United States Conference of Catholic Bishops speaker addresses church’s cultural diversity, importance of youth ministry

BY KATIE CADIGAN
STAFF WRITER

The assistant director of the Secretariat for Hispanic Affairs for the United States Conference of Catholic Bishops in Washington, D.C., spoke Oct. 24 on the unity of cultures, especially Hispanic and Latino, in the Catholic Church.

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Alejandro Aguilera-Titus presents his talk “Evangelization Rather Than Americanization” about catechizing young Hispanic and Latino Catholics. (Photo by Elizabeth Feudo)

Alejandro Aguilera-Titus, whose talk was held at 8:30 a.m. in the Gentile Gallery, described the United States as a tapestry woven from many different cultures, and the church as the most culturally diverse institution in existence. He stressed the importance of diversity, upholding it as the cornerstone of unity.

He provided the risen Jesus walking beside the disciples on the road as the best example of how to evangelize within the Church.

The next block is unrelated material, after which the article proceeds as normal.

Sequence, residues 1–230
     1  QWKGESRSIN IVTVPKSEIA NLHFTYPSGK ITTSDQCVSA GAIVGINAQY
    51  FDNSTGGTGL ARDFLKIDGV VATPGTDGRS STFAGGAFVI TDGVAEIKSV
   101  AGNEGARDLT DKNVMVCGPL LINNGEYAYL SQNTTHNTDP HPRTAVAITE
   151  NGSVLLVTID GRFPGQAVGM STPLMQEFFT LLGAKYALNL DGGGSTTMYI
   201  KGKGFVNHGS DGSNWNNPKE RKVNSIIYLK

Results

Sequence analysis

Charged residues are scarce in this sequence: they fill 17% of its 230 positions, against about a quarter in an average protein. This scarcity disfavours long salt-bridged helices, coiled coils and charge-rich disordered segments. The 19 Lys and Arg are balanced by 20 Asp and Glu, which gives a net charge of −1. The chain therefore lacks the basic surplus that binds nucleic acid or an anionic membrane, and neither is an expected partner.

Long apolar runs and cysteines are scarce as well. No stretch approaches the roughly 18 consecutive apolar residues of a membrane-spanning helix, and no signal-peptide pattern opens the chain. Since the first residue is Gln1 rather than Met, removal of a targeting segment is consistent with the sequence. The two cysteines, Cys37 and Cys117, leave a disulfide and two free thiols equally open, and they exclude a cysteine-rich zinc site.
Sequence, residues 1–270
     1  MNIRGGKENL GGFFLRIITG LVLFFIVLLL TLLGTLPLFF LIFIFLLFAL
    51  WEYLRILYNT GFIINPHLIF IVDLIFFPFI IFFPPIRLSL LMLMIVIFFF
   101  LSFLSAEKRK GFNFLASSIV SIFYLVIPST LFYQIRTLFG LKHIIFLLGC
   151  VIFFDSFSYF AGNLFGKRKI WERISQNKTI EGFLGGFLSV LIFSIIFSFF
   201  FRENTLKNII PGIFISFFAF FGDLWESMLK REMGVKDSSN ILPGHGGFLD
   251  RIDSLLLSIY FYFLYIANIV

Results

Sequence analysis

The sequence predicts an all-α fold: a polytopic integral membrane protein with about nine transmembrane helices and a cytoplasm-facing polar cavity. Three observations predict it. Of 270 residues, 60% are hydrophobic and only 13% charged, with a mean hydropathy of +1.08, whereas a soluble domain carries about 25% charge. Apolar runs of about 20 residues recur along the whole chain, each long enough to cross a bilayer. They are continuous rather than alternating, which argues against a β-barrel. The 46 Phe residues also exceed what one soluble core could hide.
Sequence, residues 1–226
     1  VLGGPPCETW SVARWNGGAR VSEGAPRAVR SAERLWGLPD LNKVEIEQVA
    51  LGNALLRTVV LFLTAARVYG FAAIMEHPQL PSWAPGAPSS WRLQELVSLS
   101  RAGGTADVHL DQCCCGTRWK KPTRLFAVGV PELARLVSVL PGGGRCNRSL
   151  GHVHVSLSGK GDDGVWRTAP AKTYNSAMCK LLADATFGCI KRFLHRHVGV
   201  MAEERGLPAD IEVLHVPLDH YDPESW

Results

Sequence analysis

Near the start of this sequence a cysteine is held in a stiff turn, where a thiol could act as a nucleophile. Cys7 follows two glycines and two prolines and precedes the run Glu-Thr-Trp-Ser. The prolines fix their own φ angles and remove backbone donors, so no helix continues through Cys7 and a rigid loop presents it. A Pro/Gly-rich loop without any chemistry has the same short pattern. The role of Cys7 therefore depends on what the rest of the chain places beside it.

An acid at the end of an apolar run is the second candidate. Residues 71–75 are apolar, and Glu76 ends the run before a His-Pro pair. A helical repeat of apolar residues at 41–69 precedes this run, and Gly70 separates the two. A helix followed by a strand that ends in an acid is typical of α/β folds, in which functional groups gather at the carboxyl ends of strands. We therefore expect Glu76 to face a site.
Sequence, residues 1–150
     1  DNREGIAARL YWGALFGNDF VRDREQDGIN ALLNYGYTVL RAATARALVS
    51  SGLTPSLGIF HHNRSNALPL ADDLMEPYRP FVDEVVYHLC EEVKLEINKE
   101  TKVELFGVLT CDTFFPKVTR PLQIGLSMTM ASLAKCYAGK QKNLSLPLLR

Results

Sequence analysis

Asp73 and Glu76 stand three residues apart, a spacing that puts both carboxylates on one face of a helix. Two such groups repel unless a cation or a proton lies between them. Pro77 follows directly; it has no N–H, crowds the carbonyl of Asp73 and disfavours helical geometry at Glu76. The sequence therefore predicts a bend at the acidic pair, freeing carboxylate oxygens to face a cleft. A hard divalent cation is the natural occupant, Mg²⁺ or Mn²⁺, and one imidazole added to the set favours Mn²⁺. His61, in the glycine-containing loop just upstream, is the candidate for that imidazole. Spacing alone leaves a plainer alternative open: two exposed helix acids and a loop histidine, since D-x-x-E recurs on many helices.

“You must meet them where they are, ask questions and listen,” said Aguilera-Titus. “Wait for them to invite you in.”

It is only then that others will open their hearts to teaching, he continued. When this is done, people from different cultures can see each other more clearly, creating a deeper love and understanding of one another, he said.

Aguilera-Titus spoke in depth about youth ministries, describing them as a way to help young people develop strong personal identities and healthy relationships. Youth ministries, he said, casts a wider net than youth groups. Youth ministries allow for more diverse interaction, with no one excluded by already close friend groups, he said.

Aguilera-Titus also explained the difference between assimilation and integration. Assimilation alienates new Catholic immigrants, he said. It forces them to relinquish their culture, language, values and traditions, but with integration, these things are respected and are preserved wherever possible, he said.

“Faith takes hold in the context of culture,” Aguilera-Titus said. “Without culture, faith is sterile.”

He stressed that people must be gracious hosts of one another.

Despite the early hour, the talk drew a fine crowd. They enjoyed refreshments of coffee and baked goods as well as an interactive style of lecture.

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